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What one of the world's oldest religions says about investing

Jainism is a member of the Dharmic religions, which include Hinduism, Buddhism and Sikhism, and 'is one of the world’s oldest religions, originating in India at least 2,500 years ago', according to a 2021 article by Pew Research Center.

Estimates of global membership vary from 4 million to over 10 million, with the majority in India, where it’s estimated to be the smallest of the country’s six major religions. It’s a rich religion, with a core tenet of Ahimsa: have as little negative impact on other life forms as possible. As you might expect this has real implications for Jain economics and investing.

In a recent paper by our friend and Jain professor and author Atul Shah, he summarizes the implications of Jainism for economics as 'Jains have developed their own unique approach to economic development which is strongly centred on sincerity and integrity' around Ahimsa, which 'encourages a light footprint in life, where consumption is to be simplified and minimized'.

Further, the Jain principal of Aparigraha – non-possession – offers a 'major departure from neo-classical economics', according to Shah: 'This principle completely rejects material happiness as an end goal..' as 'the more you possess, the more you become possessed'. As such, and possibly unexpectedly given aparigraha, a majority of Jain businesses are family owned – to ensure adherence to ahimsa and avoid aparigraha – as it is believed that the separation of ownership from management (the principal and agent problem to economists) risks both Jain principals in either party.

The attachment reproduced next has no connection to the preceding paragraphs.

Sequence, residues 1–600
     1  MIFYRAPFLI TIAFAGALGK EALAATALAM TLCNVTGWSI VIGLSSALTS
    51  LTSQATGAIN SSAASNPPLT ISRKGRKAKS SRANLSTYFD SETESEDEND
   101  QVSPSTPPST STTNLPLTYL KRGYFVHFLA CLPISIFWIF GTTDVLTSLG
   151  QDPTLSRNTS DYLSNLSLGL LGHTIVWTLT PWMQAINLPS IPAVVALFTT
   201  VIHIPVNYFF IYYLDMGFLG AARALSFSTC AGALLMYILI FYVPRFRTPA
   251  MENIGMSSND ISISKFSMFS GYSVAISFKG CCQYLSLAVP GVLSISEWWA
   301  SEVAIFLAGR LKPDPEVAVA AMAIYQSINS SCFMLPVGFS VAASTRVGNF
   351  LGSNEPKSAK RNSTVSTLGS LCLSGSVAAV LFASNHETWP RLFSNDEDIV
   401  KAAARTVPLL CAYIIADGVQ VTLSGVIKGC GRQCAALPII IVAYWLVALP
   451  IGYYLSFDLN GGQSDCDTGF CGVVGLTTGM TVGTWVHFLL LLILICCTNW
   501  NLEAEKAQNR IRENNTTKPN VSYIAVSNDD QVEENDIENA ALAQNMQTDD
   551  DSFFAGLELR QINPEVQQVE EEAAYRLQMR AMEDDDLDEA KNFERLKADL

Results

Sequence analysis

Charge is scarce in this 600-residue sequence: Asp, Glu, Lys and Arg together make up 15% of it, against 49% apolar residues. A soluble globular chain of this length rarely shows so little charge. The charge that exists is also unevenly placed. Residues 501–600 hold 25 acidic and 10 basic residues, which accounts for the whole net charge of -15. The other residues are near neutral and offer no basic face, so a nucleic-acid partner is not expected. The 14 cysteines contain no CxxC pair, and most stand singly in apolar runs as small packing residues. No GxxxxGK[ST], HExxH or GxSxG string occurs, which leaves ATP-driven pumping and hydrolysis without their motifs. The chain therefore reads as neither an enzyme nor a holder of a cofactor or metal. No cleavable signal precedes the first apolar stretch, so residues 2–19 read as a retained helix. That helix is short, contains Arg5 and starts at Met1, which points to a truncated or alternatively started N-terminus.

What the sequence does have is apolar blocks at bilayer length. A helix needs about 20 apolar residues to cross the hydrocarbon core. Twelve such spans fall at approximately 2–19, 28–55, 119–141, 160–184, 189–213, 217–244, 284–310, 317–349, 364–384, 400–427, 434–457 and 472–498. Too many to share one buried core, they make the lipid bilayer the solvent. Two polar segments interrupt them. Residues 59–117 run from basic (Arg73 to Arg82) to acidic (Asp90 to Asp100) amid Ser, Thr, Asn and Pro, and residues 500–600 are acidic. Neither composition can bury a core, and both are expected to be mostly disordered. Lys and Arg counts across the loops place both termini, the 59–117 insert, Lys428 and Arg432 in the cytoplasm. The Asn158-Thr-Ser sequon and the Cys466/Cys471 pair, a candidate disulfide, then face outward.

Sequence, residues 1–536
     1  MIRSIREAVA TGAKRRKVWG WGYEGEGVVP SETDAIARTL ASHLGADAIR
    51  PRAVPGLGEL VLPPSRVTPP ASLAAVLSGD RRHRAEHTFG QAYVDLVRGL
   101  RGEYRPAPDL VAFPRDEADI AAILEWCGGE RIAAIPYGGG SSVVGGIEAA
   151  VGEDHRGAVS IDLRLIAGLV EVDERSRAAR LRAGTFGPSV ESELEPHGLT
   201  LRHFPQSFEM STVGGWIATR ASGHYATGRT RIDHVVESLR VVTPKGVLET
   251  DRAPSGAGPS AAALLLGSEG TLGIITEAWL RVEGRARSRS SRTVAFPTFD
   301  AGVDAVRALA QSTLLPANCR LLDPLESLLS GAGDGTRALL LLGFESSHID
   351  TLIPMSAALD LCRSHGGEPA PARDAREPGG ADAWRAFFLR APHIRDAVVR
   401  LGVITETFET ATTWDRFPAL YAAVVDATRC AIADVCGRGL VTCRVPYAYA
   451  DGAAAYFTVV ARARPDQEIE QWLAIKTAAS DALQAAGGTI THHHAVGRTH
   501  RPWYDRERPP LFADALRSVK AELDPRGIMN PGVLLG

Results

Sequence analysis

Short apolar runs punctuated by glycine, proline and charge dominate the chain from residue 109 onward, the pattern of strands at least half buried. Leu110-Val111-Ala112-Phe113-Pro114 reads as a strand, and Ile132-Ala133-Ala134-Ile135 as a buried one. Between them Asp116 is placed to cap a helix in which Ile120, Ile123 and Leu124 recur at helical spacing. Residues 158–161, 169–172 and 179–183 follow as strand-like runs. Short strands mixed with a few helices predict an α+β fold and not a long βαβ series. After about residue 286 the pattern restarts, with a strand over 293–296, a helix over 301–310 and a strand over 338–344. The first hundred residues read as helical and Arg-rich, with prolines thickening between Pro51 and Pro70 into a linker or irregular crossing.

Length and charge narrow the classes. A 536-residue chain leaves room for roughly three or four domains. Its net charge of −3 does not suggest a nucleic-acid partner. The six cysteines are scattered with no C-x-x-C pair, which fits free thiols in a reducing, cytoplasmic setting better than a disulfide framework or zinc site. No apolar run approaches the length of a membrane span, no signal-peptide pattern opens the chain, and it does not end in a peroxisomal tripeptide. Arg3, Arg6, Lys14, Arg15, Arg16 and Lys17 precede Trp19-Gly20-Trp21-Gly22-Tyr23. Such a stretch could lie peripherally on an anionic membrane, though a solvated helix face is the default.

For investing, as one might expect 'Jains refrain from any industry which involves killing, like the meat industry or forestry', though Jains are allowed to participate in vegetable farming. Jain investors tend to also avoid debt/fixed income which is viewed as a 'transactional and instrumental approach [that] detaches any sense of obligation or responsibility' by the lender to the borrower. They also prefer to 'hold and sustain' their investments (read – low turnover/trading) as 'there is no desire to gamble or speculate…'. Cash may also play a larger role as a risk management measure to 'have sufficient reserves to cope…' with financial uncertainty.

For asset managers, consultants and others looking to work with Jain investors – be prepared for a deeply personal relationship, as 'business is conducted on the basis of relationships and trust' where how you conduct your business is very important: 'corporate social responsibility…[is a] duty, not a choice'.

In our ongoing search for investment policies and guidelines (IP&Gs) from across the faith-based asset owner universe, we’ve yet to encounrer a Jain IP&G. Though from this study and research we may imagine how a Jain IP&G might read, and we can also get a sense using other Dharmic IP&Gs and through our work on a Dharma Equity Index. We would be very happy to share these insights to those interested.


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